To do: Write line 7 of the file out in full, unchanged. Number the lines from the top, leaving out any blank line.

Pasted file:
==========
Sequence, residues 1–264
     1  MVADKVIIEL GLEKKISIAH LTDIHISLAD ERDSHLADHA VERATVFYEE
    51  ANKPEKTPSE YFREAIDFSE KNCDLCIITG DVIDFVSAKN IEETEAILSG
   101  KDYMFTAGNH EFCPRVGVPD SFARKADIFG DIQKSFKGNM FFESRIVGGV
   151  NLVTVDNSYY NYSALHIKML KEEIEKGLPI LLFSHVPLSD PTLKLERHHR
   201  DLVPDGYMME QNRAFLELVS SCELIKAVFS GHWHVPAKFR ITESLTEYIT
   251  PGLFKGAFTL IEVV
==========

   251  PGLFKGAFTL IEVV